Civil Procedure Code & Limitation Act LSF – 2

Answer to Question: Decree

I. Definition of Decree (Section 2(2) of the Civil Procedure Code)

A Decree, as defined under Section 2(2) of the Civil Procedure Code (CPC), is essentially a judgment or an order issued by a court that determines the rights of parties involved in litigation. The key characteristics of a decree are:

  1. Legal Enforcement: It is a formal expression of an adjudication which conclusively determines the rights of parties regarding all or any of the matters in controversy.
  2. Judicial Decision: A decree is passed by a court of competent jurisdiction.
  3. Conclusiveness: It conclusively determines the rights of the parties concerning the matter in dispute.

II. Parties Involved in a Decree

  1. Decree Holder: The person in whose favor the decree is passed is known as the ‘Decree Holder’. This individual or entity gains a right or benefit from the decree’s enforcement.
  2. Judgment Debtor: The party against whom the decree is passed is termed as the ‘Judgment Debtor’. This party is obligated to comply with or fulfill the terms of the decree.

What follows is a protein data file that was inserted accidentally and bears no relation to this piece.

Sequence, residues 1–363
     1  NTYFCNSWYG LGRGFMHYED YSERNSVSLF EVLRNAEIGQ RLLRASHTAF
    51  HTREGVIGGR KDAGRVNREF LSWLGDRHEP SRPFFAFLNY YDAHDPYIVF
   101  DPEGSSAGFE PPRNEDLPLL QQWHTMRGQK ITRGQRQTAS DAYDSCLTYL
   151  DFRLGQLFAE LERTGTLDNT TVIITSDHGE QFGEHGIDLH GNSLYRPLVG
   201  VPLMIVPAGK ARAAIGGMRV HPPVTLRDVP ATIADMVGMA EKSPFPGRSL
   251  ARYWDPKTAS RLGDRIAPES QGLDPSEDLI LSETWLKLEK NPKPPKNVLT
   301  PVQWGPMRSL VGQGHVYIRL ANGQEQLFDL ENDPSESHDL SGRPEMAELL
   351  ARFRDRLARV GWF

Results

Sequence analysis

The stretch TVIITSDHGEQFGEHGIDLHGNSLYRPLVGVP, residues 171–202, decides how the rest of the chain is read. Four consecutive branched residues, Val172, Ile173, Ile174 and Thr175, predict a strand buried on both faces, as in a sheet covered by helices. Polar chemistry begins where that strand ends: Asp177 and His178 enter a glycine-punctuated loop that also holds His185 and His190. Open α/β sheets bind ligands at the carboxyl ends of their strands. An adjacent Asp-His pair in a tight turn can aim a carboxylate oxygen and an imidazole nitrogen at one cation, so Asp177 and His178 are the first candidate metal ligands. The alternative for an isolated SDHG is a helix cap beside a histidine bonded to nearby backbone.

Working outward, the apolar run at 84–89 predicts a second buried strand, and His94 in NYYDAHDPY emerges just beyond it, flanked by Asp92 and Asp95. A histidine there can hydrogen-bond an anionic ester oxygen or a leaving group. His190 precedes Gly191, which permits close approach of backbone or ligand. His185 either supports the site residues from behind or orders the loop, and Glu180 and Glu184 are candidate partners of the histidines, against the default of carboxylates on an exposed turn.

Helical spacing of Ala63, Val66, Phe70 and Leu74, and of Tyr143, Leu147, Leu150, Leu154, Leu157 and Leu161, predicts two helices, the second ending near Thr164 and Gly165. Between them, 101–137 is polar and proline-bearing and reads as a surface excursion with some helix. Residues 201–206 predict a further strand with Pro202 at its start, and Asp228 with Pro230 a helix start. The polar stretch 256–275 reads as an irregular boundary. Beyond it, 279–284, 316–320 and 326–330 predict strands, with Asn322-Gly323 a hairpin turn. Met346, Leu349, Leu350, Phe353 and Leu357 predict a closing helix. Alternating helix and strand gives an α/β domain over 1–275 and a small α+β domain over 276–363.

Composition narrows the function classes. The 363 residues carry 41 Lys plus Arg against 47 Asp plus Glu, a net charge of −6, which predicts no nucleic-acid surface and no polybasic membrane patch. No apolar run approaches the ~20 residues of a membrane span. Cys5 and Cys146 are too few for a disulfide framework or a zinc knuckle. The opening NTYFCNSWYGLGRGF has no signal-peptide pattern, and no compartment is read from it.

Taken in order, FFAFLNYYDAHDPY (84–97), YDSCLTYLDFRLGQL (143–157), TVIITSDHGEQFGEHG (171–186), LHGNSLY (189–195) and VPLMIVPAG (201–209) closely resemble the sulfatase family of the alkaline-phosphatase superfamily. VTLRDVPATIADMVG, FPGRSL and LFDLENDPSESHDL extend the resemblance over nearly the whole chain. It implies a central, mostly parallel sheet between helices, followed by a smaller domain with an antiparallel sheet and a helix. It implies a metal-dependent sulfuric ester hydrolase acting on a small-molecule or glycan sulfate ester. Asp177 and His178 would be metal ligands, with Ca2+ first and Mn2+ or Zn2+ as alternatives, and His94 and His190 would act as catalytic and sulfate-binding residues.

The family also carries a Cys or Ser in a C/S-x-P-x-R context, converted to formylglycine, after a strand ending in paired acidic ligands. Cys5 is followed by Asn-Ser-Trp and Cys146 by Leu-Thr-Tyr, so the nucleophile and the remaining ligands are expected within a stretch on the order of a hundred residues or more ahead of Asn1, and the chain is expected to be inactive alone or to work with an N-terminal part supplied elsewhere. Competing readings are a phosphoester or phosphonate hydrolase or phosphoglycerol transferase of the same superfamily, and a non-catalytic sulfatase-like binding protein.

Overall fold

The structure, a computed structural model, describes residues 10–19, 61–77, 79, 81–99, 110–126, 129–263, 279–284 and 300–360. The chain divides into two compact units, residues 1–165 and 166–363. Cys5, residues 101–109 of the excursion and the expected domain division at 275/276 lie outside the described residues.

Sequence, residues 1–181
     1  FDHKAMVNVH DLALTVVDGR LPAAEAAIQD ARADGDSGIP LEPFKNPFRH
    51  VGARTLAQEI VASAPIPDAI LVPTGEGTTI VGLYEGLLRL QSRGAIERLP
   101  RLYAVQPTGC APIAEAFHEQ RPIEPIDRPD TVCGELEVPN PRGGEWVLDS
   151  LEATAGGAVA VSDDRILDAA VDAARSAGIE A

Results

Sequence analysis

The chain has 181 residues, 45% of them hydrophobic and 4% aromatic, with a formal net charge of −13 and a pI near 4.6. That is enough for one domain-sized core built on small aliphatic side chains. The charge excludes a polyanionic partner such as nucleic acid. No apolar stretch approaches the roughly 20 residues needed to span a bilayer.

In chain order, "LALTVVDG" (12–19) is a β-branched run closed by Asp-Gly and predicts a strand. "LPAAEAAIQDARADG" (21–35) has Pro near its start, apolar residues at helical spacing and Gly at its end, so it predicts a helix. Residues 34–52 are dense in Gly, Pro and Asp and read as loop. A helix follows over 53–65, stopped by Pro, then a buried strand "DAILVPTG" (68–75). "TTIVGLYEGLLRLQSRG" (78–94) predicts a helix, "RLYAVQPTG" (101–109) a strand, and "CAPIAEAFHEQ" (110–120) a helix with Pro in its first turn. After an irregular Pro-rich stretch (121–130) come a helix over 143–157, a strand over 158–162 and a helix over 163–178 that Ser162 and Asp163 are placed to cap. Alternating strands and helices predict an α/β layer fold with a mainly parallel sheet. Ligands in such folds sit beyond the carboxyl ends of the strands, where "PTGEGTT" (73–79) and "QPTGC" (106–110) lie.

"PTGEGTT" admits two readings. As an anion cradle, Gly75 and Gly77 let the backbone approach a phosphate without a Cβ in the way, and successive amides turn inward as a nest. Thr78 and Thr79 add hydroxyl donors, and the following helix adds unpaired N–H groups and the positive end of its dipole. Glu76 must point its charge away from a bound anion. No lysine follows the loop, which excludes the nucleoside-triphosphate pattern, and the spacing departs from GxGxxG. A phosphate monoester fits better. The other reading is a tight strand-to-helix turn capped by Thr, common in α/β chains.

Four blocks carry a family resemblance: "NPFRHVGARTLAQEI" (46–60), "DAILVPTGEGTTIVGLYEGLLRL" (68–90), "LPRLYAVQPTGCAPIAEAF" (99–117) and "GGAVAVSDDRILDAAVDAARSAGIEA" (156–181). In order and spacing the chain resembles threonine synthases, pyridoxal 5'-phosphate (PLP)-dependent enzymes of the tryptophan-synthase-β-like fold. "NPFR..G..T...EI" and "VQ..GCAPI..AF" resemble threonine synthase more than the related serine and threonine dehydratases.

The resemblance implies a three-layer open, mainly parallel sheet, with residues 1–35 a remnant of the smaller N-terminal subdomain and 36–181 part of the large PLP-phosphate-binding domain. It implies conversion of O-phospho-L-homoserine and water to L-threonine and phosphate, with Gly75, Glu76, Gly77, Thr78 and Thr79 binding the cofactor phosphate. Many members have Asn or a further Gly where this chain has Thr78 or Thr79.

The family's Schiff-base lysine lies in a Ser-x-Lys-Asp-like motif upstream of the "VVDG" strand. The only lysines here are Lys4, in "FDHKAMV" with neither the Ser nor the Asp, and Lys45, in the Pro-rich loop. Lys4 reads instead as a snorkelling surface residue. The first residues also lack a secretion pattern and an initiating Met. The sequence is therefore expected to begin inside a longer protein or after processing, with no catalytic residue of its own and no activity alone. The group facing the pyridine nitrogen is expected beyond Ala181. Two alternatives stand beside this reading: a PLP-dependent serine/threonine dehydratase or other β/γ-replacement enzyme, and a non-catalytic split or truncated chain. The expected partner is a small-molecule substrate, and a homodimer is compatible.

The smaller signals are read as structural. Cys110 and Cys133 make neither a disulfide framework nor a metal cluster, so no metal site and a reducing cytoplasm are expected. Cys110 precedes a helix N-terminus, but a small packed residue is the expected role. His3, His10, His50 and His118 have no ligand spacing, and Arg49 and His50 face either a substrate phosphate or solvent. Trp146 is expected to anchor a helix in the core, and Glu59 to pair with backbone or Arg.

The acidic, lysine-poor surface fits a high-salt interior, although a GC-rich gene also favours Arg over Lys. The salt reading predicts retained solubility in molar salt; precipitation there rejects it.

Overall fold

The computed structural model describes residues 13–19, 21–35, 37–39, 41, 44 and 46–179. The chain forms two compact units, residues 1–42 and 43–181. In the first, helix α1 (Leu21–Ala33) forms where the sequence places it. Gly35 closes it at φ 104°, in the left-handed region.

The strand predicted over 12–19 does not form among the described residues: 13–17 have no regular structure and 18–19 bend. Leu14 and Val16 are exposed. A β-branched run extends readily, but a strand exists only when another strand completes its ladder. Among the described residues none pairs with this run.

III. Examples of Decrees

Decrees can cover a wide range of judicial decisions. Some common examples include:

  1. Decree of Divorce: A decree that legally dissolves a marriage.
  2. Decree to Attach Property: An order to seize or attach property as part of the enforcement of a judgment.
  3. Decree of Restitution of Conjugal Rights: A decree that orders the restitution of rights and duties arising from a marital relationship.

In summary, a decree is a crucial judicial tool in the adjudication process, serving as the court’s formal decision on the rights and liabilities of the parties involved in a legal dispute​​.